Robotic telesurgery by remote surgeons

In a few years, telesurgery performed by multi-armed robots remotely controlled by real surgeons will become commonplace. Today, Canadian scientists are developing the technology for NASA. Their goal is to build a portable robotic unit that would be used in space missions, war zones and remote areas within five years.

In a few years, telesurgery performed by multi-armed robots remotely controlled by real surgeons located hundreds or thousands of kilometers away will become commonplace. Today, Canadian doctors from the Centre for Minimal Access Surgery (CMAS) are developing the technology for NASA. Their goal is to build a portable robotic unit that would be used in space missions, war zones and remote areas within five years. So far, the experiments already done in Canada and for NASA are extremely encouraging. But read more...

Here is what writes ITWorld Canada.

In this future scenario, a multi-armed robot would perform the operation under the direction of a surgeon manipulating endoscopic cameras from a remote workstation. The robot would act as the eyes and arms of the surgeon.
This type of portable robotic unit is being developed by the Centre for Minimal Access Surgery (CMAS), a Hamilton, Ont.-based research institute, in partnership with Bell Canada, which is providing the advanced telecommunications needed for the project.

Below is a picture of Dr. Mehran Anvari, director of the CMAS, during on the dozens of experiments performed on patients located far from his lab (Credit: CMAS).

Mehran Anvari at CMAS

So when will we see robots arriving at our homes in the ambulances and ready to perform surgery?

"Our target is to complete this project in the next five years," said Dr. Mehran Anvari. He said the portable robotic unit would be used in space missions, war zones and other environments where access to surgeons is extremely difficult. "It may also be used in remote regions of the Canadian North, [from] where the government spends millions of dollars to transport patients to city hospitals," said Anvari.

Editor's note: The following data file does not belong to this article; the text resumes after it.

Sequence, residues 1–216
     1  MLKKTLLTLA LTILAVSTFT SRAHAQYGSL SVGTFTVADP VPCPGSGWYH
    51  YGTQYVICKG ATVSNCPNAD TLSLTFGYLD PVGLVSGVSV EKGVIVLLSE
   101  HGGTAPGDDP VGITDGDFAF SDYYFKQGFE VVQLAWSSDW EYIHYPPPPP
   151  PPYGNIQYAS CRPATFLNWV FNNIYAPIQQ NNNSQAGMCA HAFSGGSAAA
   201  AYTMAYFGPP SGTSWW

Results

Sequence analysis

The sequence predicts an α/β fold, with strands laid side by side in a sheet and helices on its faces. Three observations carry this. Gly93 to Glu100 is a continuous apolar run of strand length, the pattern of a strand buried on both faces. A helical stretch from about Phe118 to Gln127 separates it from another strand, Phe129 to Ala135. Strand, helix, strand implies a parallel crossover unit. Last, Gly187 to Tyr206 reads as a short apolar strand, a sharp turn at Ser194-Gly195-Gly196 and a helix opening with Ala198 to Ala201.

Of course, there are still some hurdles to clear before this becomes reality. And one of them is the latency of signal transmissions.

However, experts agree much work needs to be done before the portable robotic unit becomes a reality. A major limitation is the time delay, or latency, that occurs when the video images and signals controlling the robotic arms are transmitted over long distances to the surgeon.

But even this problem is manageable and Anvari is confident this issue can be solved.

This development of such a portable robotic unit has been the goal of a NASA mission named NEEMO (for "NASA's Extreme Environment Mission Operation") which also involved Bell Canada and Cisco Systems and wants to develop a robotic surgeon able to work in space.

Last month, Anvari worked with NASA in Florida to perform underwater surgery on a mannequin who was in a lab 20 meters below sea level. Below is a picture of Anvari during the experiment (Credit: NASA).

Mehran Anvari at NASA

For more details about this particular experiment, you can read "Robot to perform underwater surgery" (Tom Blackwell, National Post, Canada, April 7, 2006).

And here are several links to the NEEMO mission: the former NEEMO 7 and the current NEEMO 9 phases at CMAS (with a special mention for this photo gallery; and the official page of NEEMO 9 at NASA.

Finally, for a more general background on robotic telesurgery, you should read "Researchers making progress with robotic telesurgery" (Karen Fleming-Michael, U.S. Army Medical Research and Materiel Command, for dcmilitary.com, May 11, 2006).

Sources: Naunidhi Kaur, ITWorld Canada, May 19, 2006; and various web sites

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